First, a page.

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Beginner's Guide to Getting Married in France

When my boyfriend proposed (atop a freezing, misty mountain in Ireland, on New Year’s Eve), it went without saying that we’d get married in Nice. This sparkling city on France’s Mediterranean coast is where we met and have called home for the past four years and counting.

Yet the proposal was one thing, navigating the path to the wedding date another. I’m not saying that getting married in France is complicated. More that, as with everything in this country I’m lucky to call home, there’s a definite process to follow and to be forewarned is definitely to be prepared.

So, if like us, you can’t imagine a country more synonymous with romance as France, here’s a beginner’s guide (for expats and visitors alike) to getting married here.

First Step – Say Oui!

The first step? Saying ‘oui’, of course!

But that’s the simple part. Once you’ve decided on France as your destination, the bigger question is what to do next.

Civil Ceremony in France

One of the most crucial points you should know is that France firmly separates church and state. As such, only a civil ceremony, held at your local mairie (town hall) and officiated by a representative of the mayor, is legally recognised here. In fact, in order to complete a religious ceremony, you will need to present proof of your civil ceremony.

Your first stop should be the town hall to request a ‘dossier de marriage’, or wedding file, which highlights the specific documents that you will need in order to book a date to say ‘I do’ in France.

The rules and regulations are always subject to change, but, as a general rule, you’ll need the following documents:

Birth Certificate (original and certified translation).

Certificat de Coutume (Certificate of no impediment to marriage), if you are not a French national. Contact your embassy or consulate for more information.

Proof of address.

Witnesses (who speak French. They will test them).

If you’re an expat in France, once you’ve organised all the documents you can return to the mairie, and, dossier approved, book in your wedding date. You’ll be asked to return about a week before to confirm witnesses and submit your contrat de marriage, should you have chosen one. This isn’t an absolute requirement, however it’s very common here in France. Should you wish to learn more, a notaire (notary) is best placed to explain and advise what is best for your individual situation.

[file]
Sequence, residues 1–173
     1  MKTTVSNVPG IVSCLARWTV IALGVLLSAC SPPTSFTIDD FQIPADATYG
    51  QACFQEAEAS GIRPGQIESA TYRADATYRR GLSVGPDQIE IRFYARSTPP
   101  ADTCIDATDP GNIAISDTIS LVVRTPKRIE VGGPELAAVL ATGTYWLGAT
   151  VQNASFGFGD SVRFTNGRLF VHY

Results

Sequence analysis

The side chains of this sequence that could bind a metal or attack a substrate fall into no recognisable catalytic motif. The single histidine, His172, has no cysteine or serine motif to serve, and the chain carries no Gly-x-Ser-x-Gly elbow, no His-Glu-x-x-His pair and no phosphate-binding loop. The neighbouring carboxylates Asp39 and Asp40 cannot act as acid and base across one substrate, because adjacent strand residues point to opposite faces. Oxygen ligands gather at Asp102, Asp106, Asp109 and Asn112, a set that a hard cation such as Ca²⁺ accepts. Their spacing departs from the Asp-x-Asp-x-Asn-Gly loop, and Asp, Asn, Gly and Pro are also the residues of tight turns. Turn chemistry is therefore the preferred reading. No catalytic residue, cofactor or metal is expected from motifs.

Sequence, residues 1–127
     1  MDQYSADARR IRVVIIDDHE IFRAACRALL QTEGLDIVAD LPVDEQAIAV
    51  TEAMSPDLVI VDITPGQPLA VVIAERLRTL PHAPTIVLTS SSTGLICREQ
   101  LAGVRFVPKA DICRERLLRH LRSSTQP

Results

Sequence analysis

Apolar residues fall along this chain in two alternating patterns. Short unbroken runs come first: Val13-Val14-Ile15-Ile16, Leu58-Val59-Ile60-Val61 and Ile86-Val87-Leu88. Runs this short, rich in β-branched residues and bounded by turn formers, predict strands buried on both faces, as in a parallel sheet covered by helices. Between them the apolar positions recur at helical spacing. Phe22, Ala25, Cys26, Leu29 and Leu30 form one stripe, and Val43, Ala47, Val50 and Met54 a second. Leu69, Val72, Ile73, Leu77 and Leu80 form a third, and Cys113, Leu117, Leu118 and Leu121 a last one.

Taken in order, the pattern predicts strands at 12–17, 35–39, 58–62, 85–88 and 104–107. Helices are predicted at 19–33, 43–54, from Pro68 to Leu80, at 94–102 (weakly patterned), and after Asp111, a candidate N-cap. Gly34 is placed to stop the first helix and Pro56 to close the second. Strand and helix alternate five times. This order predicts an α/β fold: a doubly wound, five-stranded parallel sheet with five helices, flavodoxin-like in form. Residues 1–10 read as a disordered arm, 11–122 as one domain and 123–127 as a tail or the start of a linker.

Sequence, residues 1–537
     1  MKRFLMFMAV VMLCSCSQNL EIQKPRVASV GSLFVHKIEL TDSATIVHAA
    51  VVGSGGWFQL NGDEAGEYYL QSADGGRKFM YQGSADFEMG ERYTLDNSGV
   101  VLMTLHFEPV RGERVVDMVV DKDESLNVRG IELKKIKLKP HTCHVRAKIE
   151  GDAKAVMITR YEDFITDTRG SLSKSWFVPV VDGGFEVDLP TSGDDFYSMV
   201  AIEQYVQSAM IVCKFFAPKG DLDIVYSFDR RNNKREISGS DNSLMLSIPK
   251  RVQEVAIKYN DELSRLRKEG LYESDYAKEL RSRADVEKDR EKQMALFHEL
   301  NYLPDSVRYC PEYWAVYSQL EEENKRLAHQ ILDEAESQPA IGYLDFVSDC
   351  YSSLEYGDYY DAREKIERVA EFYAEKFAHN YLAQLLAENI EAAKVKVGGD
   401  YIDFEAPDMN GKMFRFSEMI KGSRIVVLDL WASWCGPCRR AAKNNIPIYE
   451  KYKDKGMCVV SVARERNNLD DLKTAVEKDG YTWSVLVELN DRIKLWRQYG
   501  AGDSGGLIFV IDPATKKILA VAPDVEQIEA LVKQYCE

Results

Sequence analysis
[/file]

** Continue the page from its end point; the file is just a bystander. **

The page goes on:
The Big Day

Then you’re set to go for the big day! The bride, groom and witnesses are required to be present at least 15 minutes prior to the ceremony.

Here in Nice we were presented with our livret de famille (a family book, a document more important than the marriage certificate) as well as lots of lovely gifts, including a book entitled ‘J’ai dit Oui à Nice’ (I said yes in Nice!). I imagine each city has their own traditions and specific touches to add to the ceremony.

We also organised an interpreter who could translate the ceremony from French into English for our family and friends who had flown in from Australia and Ireland.

The ceremony lasted about 15 minutes, after which we headed to lunch and before we knew it, it was time for the evening party to begin. It was a long, wonderfully fabulous day.

Destination Wedding in France

Now, if you’re coming to France for a destination wedding, the proof of address (which seems the most simple of requirements) poses a slightly larger problem. To legally marry in France (remember, a civil wedding at the mairie), you must have resided in the country for 40 continuous days. This simply isn’t possible for many people who are planning a destination wedding.

So, to put it simply, many people choose to hold their legal ceremony in their home country and a symbolic ceremony in France.

Whether your heart is set on a fairytale wedding in a Loire Valley château, a vineyard in Bordeaux or beachside on the French Riviera, there’s a destination to suit all tastes and budgets in this country, which provides the perfect backdrop to your dream wedding day.

This post first appeared in the Winter 2014 Magazine on Weddings Abroad . Check out our magazine archives for more great stories.

By Chrissie McClatchie, an Australian wine specialist who has been living in Nice, France. You can follow her travels at www.rivieragrapevine.com .

Published October 24th, 2016 by ErinAbroad
Posted to Expat Blog

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